June 20, 2019

Tenth Circuit: District Court Judgment Affirmed Despite Multiple Assertions of Error

The Tenth Circuit Court of Appeals issued its opinion in United States v. Brinson on Monday, December 8, 2014.

An undercover officer in Oklahoma solicited prostitution from a website called Backpage.com, and agreed to meet a prostitute at a motel in room 123. At the motel, Officer Osterdyk met C.H., who appeared much younger than 21, and she agreed to perform oral sex on him. She had a cell phone open on the bed, and received text messages during the exchange saying “Don’t do nothing. It’s the cops.” After receiving these messages, C.H.’s demeanor changed, and Officer Osterdyk arrested her.

Other officers were in the parking lot of the motel and observed a black SUV approaching room 123. One of the officers spoke to the hotel desk clerk, who reported that room 123 was rented out to Tarran Brinson, a young black male with dreadlocks or braids wearing a red shirt and a red Chicago Bulls hat. The clerk told the officer that Brinson was a “regular” at the hotel and had rented out four other rooms that week, always paying cash. The clerk said that Brinson drove a black SUV and pointed it out in the parking lot. It was the same SUV the officers saw approaching room 123. Roughly 45 minutes later, the officers found Brinson in the parking lot of a nearby motel and arrested him.

Brinson was charged with conspiracy to engage in sex trafficking, sex trafficking of children, attempted sex trafficking of children, use of a facility in interstate commerce in aid of racketeering enterprise, coercion and enticement, obstruction of justice, and obstruction of justice by threat or corruption. After the government presented its case, Brinson moved for a judgment of acquittal on all charges. The court granted his motion as to the obstruction of justice by threat or corruption charge and denied it as to all other counts. A jury convicted Brinson on the remaining six counts. He appealed on six points of error.

Brinson first argued the district court erred by allowing expert witness testimony on child prostitution, arguing the testimony would not have aided the jury’s assessment and it was not reliable because the expert officer was not familiar with the facts of the case. The Tenth Circuit disagreed. The officer presented testimony on certain terms of the child prostitution trade, which proved helpful to the jury because other witnesses used these terms in testimony. Brinson also argued the testimony was not reliable because the expert officer was not familiar with the facts of the instant case. However, his testimony was used to define terms of the prostitution trade, not to verify the facts of the instant case, and there was no error in its admission.

Next, Brinson argued the admission of certain Facebook and text messages violated his Sixth Amendment Confrontation Clause rights. Ample evidence suggested Brinson had authored the Facebook messages, and they were therefore properly admitted as statements of a party opponent, not implicating the Sixth Amendment. As for the text messages, Brinson failed to specify which messages violated his Sixth Amendment rights, so his argument failed.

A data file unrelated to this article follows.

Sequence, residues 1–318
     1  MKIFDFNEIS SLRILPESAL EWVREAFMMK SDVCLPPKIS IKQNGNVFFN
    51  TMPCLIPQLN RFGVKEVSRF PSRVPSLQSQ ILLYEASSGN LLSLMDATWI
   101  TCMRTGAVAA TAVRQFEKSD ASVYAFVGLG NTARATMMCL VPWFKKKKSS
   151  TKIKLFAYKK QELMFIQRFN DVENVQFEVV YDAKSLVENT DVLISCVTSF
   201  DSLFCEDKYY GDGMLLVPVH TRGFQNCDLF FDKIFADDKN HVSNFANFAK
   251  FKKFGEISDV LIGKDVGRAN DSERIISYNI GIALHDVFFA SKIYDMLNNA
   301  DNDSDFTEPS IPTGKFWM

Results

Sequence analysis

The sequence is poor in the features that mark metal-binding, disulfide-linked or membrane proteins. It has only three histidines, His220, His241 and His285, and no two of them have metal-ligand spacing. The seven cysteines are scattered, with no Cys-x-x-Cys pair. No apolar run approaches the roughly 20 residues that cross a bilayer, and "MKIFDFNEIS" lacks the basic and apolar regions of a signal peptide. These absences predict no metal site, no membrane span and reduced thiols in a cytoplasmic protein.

Brinson also argued the district court erred in allowing introduction of hearsay statements to Officer Osterdyk during his undercover investigation. The statements did not constitute hearsay, as they were not offered to prove the truth of the matter asserted, but rather to explain why Officer Osterdyk was in room 123, why he knew the price of the sexual act, and why he agreed to pay for oral sex. The statements were not hearsay, and the Tenth Circuit found that even if they had been, they were not “testimonial” and therefore no Confrontation Clause violation occurred.

Brinson next argued the district court erred by admitting a certificate authenticating debit card records. The prosecution admitted the certificate to authenticate the records as business records under FRE 902(11). The Tenth Circuit has previously held that such certificates are non-testimonial and therefore do not implicate the Sixth Amendment. Brinson argued that the Supreme Court’s decision in Melendez-Diaz v. Massachusetts, 557 U.S. 305 (2009), was dispositive, but the Tenth Circuit disagreed, finding instead that the records in Brinson’s case differed from those offered in Melendez-Diaz because the certificate did not contain any “analysis” that would constitute out-of-court testimony.

Brinson argued the evidence obtained after his arrest should have been suppressed, since the police lacked probable cause to arrest him. However, the police had ample reason to arrest Brinson, and there was no error in allowing the evidence obtained after his arrest.

Finally, Brinson argued the evidence was insufficient to support his conviction on each of the six counts. The Tenth Circuit analyzed each count individually and found a reasonable jury could have found Brinson guilty beyond a reasonable doubt of each count.

The Tenth Circuit found that the district court committed no error, and Brinson’s convictions were affirmed.

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